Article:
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"twee-q.com automatically assigns me as a boy because of my name. oh the horrible irony!"

A tool aimed at figuring out gender bias on Twitter has trouble figuring out users' identities.

Twee-Q, which just launched a U.K. version after starting last summer in Sweden, is an attempt to figure out how often people retweet women compared to how often they retweet men. The goal: to highlight gender bias. 

Picking out the gender of a Twitter user isn't straightforward. The service does not ask you to denote your gender, and so Twee-Q opts for a database of names to determine each user's gender. The database uses names from Statistics Sweden, and U.S. Census data.

That can lead to misidentification, especially when it comes to unisex names. 

Here's the skinny: When a unisex name pops up, Twee-Q chooses the gender that's most common. 

Because Twee-Q originated in Sweden, there are certain regional quirks that skew the popularity of each name. For instance, the name Jan is likely more commonly female in the U.S. (think Jan Brady) whereas the opposite is true in much of Europe (think Jan Magnussen). On Twee-Q, Jan is male. (Tough luck if your female friends are all named Jan and you retweet them and only them.)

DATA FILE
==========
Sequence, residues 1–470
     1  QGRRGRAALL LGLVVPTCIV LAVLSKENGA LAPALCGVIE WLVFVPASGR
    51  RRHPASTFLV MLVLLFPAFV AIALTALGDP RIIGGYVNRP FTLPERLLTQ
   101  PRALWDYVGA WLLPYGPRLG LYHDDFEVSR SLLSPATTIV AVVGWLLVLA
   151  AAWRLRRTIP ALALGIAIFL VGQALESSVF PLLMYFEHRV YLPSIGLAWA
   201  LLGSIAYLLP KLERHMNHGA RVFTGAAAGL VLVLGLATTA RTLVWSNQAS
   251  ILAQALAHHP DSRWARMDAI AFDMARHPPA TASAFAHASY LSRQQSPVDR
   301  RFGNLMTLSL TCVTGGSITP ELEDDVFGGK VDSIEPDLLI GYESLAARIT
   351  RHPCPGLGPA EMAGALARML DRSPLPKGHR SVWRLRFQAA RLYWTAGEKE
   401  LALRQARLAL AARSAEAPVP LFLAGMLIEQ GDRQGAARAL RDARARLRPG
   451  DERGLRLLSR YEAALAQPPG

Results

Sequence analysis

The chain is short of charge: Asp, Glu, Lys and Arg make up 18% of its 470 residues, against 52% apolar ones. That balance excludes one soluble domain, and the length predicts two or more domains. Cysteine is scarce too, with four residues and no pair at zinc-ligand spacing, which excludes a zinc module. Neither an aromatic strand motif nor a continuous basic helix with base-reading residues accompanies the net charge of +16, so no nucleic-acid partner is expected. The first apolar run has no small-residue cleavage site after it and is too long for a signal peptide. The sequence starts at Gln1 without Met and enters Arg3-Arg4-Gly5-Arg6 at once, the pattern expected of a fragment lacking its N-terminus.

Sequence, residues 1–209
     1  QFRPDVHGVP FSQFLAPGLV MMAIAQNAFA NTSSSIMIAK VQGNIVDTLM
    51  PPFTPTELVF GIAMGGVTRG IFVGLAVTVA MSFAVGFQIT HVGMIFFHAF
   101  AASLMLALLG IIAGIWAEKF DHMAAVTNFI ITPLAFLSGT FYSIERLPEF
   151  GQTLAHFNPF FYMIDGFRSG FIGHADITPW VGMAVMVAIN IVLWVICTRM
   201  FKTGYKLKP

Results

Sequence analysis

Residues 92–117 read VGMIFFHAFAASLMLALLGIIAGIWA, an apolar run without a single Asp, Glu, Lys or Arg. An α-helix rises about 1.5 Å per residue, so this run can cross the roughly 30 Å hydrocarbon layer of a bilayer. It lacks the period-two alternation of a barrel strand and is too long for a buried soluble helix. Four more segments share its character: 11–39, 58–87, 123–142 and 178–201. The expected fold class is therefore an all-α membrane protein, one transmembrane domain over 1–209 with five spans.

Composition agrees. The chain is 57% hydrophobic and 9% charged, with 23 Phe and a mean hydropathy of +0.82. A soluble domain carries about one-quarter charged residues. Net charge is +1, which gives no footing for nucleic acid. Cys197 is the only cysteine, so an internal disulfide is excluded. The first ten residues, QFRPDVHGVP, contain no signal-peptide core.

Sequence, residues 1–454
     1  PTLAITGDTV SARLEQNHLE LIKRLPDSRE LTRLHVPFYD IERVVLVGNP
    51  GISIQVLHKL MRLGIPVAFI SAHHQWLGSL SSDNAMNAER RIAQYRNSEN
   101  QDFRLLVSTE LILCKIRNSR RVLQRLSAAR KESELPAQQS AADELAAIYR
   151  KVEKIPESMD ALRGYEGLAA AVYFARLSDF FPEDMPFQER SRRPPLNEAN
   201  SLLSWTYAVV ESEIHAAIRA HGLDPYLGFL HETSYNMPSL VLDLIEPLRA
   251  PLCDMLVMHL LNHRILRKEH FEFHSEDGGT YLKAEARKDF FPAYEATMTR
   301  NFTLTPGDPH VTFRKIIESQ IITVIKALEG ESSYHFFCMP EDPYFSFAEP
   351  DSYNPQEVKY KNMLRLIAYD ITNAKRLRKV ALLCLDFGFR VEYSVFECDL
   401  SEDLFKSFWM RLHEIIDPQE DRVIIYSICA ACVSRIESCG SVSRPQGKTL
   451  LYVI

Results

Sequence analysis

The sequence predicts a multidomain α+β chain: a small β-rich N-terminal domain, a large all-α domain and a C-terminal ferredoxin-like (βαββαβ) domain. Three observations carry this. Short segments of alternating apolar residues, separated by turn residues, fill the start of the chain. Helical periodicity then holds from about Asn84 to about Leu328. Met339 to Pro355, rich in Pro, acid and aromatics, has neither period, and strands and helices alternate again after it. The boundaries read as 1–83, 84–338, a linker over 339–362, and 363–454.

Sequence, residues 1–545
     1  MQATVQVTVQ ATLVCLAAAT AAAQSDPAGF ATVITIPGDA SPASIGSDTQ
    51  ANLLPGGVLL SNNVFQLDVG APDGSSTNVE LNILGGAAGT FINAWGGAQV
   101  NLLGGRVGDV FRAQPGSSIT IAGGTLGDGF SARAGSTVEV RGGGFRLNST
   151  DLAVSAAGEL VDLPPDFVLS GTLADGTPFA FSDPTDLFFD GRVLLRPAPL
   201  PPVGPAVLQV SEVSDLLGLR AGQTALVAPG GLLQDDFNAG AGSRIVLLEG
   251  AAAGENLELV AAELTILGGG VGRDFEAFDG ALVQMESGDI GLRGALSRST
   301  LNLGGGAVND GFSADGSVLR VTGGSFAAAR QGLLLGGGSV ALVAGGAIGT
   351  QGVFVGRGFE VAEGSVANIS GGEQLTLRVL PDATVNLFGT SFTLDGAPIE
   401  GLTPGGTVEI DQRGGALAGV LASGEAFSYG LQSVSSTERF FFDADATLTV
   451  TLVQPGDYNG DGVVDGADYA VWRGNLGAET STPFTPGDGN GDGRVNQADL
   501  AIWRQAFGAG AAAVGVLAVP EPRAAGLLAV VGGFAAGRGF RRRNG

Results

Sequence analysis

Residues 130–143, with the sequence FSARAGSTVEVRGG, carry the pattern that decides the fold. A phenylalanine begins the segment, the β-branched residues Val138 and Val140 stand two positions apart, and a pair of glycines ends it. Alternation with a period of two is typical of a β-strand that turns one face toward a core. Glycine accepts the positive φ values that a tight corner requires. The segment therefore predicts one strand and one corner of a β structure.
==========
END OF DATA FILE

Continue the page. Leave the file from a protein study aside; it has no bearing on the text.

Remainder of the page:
Also, Twee-Q does not index retweets of brands or any other accounts where the username does not match up with names in its database. That should cut out many nonsense results.

However, omitting those skews the findings anyway. If you were to retweet 99 women who use pseudonyms that do not appear in the database and one man who uses his real name, it would appear that you have a strong bias toward retweeting men—which wouldn't be true.

Further muddying the results, the tool doesn't account for those who identify as neither male nor female.

While Twee-Q is certainly an admirable stab at highlighting gender bias, it's already running at a handicap thanks to the difficulty in establishing users' identities.

H/T The Independent | Illustration by Fernando Alfonso III

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